What do authors generally hope for the most after years of researching, typing, re-typing, staying up too late and then getting up too early to complete a book and see it through to publication? It is that the book shall be warmly received by the reading public and treated kindly by the critical literary powers that be. The anxiety is not very different from that of a parent sending a child off to school alone for the first time.
Encyclopedia of the Harlem Renaissance was not my first published book but it was the first produced and distributed by a major traditional publisher: Facts On File, now Infobase Publishing. Communication with different scholars, prior to the encyclopedia’s release in September of 2003, revealed they were glad to learn my co-author Sandra and I had taken on the challenge of writing it. They gave me reason to feel optimistic.
A S/heroic Librarian
“As the Encyclopedia of the Harlem Renaissance will broaden the context for students studying the visual arts, it will do the same for students studying any discipline...”
What Ms. Hoaas wrote and shared with us was part of an official request to her facility’s director to make it part of their “Resources in the Humanities.” The kind of technical writing she employed to make the full recommendation came to almost 2,000 words and is something by which I remain impressed. Below is a brief excerpt:
“A recently published resource has come to my attention that will fill a need in this library efficiently and rather inexpensively. It is a source that is unique in that it draws together the many facets of an important and oft studied period in American history, the Harlem Renaissance...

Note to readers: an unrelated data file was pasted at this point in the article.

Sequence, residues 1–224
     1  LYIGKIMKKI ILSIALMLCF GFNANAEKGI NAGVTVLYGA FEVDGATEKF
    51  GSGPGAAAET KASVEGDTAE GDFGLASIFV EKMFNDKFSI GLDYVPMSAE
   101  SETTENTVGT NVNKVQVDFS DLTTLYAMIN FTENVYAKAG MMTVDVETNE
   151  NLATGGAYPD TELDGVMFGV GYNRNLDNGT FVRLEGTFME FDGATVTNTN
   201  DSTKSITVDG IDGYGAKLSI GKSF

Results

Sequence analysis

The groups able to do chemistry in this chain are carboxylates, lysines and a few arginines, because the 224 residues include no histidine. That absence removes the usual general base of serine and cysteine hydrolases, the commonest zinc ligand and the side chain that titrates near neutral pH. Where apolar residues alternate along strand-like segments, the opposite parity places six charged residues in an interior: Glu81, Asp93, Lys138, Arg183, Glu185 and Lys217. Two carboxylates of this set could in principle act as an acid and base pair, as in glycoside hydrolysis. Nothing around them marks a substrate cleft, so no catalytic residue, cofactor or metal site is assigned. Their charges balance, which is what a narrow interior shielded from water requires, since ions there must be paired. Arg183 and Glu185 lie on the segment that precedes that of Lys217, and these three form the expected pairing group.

It is because Sandra and I could not have asked for a better welcome from a professional librarian that I am happy to acknowledge Ms. Hoaas’s contribution to the book’s success. The same way a parent might note the positive influence of an early teacher on their child’s growth into an accomplished adult. While I was unable to locate or contact her for this post, I am grateful she recognized what we had worked so hard to do and became one of the project’s valued champions.
Why is all this important during the 100th anniversary of the Harlem Renaissance? Because it demonstrates how the work both honored the legacies of pioneering historians like W.E.B. Du Bois, Carter G. Woodson, and Arturo Schomburg, as well as expanded it. Too much African-American history had been on the brink of erasure just as many discovering the need to access to its lessons on resilience, faith, and creative adaptation. Instead of being lost, it has now been preserved and secured in libraries across the globe.
Winner of Choice Academic Title Award, Best History Book Award, and Notable Book of the Year Award for Encyclopedia of the Harlem Remaisssance.